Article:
Postoperative Care and Rehabilitation

Postoperative Care and Rehabilitation

Laura Vasquez-Welsh, MS, OT/L, CHT

James Koo, PT, DPT


Although initially designed as a salvage procedure to manage arthritis in the rotator cuff (RC)-deficient shoulder, the indications for use of reverse total shoulder arthroplasty (RTSA) have expanded over the years. As discussed in previous chapters, there are multiple clinical indications for RTSA including management of massive irreparable RC tears in the absence of osteoarthritis, primary osteoarthritis with excessive posterior glenoid erosion, and complex fractures of the humerus.1 Due to the growing acceptance of this procedure to treat a variety of conditions, there has been a concomitant increase in the number of RTSAs performed in the United States.2 With greater utilization of this technique, it is undeniable that an understanding of proper postoperative care and rehabilitation has become increasingly imperative for rehabilitation professionals.


The primary goal of RTSA is to decrease pain and increase functional elevation of the shoulder as the deltoid becomes the primary mover of the arm. While similarities do exist between RTSA and anatomic total shoulder arthroplasty (ATSA) rehabilitation, the postoperative course is different. One of the inherent reasons for this difference lies within the newly established mechanics of the glenohumeral joint. The RTSA design reverses the orientation of the glenohumeral joint by replacing the glenoid fossa with a glenoid base plate and glenosphere and the humeral head with a stem and concave cup.3 This design moves the center of rotation of the shoulder joint medially and inferiorly. As a result, the deltoid moment arm and deltoid tension both increase to enhance the torque and line of pull produced by the deltoid.4,5 Since the deltoid now acts as the prime elevator of the shoulder, it is able to substitute for a deficient RC. Due to this newly established anatomy, there are certain differences in postoperative precautions as well as therapist focus when selecting specific therapeutic interventions.

Another procedural difference that alters the therapeutic approach is that unlike ATSA, RTSA is much less reliant on an intact subscapularis tendon. Naturally, the rehabilitation protocol reflects this. A 2017 study that compared RTSA outcomes with and without subscapularis repair found that all patients showed significant improvements in pain and function after treatment with RTSA regardless of whether a subscapularis repair was performed.6 When rehabilitating a shoulder following RTSA, quite often protection of the subscapularis is unnecessary, unless indicated by the surgeon. This is contrary to the protocol followed for a patient who has undergone ATSA. As discussed in Chapter 15, if the surgeon does not utilize a subscapularis-sparing technique for ATSA, protection of the subscapularis becomes a priority during the early postoperative period. As a result, external rotation (ER) is progressed more slowly and cautiously as detailed in Chapter 15. Following RTSA, protocols can be much more liberal with the progression of ER, which can often be progressed as tolerated.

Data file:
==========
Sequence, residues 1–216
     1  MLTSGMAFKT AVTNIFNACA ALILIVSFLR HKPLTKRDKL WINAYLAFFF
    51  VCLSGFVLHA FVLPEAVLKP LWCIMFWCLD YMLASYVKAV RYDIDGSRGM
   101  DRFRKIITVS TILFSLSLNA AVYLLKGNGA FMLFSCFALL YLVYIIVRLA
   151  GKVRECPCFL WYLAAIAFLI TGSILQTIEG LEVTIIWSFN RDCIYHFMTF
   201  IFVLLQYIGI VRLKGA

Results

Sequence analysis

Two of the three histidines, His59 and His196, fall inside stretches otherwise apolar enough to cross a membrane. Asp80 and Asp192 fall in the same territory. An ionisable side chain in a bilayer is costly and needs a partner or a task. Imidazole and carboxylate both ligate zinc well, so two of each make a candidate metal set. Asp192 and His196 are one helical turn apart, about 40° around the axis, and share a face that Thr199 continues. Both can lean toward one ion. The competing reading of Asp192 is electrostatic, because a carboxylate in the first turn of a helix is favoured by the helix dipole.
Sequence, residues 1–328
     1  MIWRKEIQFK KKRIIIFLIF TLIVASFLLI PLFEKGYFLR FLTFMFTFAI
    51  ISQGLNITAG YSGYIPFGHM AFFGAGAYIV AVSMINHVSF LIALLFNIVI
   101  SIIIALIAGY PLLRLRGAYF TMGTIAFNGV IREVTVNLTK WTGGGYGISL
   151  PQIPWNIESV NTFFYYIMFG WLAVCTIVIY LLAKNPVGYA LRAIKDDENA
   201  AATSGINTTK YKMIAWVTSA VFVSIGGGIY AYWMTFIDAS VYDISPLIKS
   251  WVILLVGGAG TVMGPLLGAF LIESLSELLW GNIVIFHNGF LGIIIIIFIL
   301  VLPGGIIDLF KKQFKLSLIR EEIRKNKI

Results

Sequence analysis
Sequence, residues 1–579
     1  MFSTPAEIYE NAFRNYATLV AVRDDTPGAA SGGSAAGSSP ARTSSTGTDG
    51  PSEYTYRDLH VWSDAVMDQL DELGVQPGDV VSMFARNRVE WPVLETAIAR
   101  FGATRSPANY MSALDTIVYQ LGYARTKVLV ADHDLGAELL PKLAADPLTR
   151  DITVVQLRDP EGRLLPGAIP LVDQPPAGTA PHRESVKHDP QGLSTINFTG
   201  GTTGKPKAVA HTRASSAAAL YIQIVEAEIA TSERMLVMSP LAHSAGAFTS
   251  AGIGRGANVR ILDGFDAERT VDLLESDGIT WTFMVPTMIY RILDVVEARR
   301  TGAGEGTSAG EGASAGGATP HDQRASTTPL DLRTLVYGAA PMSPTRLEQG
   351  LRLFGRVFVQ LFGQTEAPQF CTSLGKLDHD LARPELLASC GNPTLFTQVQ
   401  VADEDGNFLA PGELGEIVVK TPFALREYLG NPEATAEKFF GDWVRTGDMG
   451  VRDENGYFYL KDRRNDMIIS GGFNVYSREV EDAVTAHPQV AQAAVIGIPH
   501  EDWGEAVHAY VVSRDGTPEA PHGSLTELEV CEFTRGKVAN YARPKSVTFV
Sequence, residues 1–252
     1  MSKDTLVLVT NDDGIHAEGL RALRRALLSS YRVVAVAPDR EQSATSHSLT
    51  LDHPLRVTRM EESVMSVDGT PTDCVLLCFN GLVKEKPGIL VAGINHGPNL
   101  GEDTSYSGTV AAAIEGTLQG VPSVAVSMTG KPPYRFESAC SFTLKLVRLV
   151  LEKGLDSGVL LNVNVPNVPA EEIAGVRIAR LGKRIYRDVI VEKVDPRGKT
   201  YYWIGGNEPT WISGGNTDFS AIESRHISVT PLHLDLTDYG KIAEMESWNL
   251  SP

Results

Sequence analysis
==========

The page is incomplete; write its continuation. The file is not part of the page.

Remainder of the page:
The concept that the RC is either absent or minimally functional after RTSA also alters the therapeutic approach.3 Although some believe that this reduced need to protect healing structures justifies a faster, more aggressive rehabilitation protocol, the complication rates following this operation including risk for dislocation and stress fracture are higher.7 Therefore, rehabilitation professionals must rely on their clinical judgment and close communication with the surgeon in order to advance this patient population appropriately.


When possible, prehabilitation sessions with an occupational or physical therapist can be valuable to begin to establish expectations as well as to engage the patient as a partner in the rehabilitation process. When meeting the patient for the first time, the clinician is able to establish a preoperative baseline for range of motion (ROM) and function, review expectations, and promote an environment in which the patient is able to practice exercises prior to surgery. During this session, the therapist should place emphasis on a few key components. These include protecting the newly established joint from dislocation,
emphasizing the role of the deltoid, and establishing realistic ROM and functional expectations.4 There is a link between setting patient expectations early in the process and successful outcomes following shoulder arthroplasty.8 If the therapist and surgeon clearly define realistic expectations for recovery prior to the operation, patient-reported outcomes may be more favorable.1

The role that the patient plays in the rehabilitation process is not to be underemphasized. Patients who are active participants in their recovery tend to achieve optimal results and are more satisfied with their outcome overall.1 It can also be beneficial to highlight that, ultimately, the patient and multidisciplinary team’s goals are the same—to relieve pain and return the patient to an independent lifestyle safely.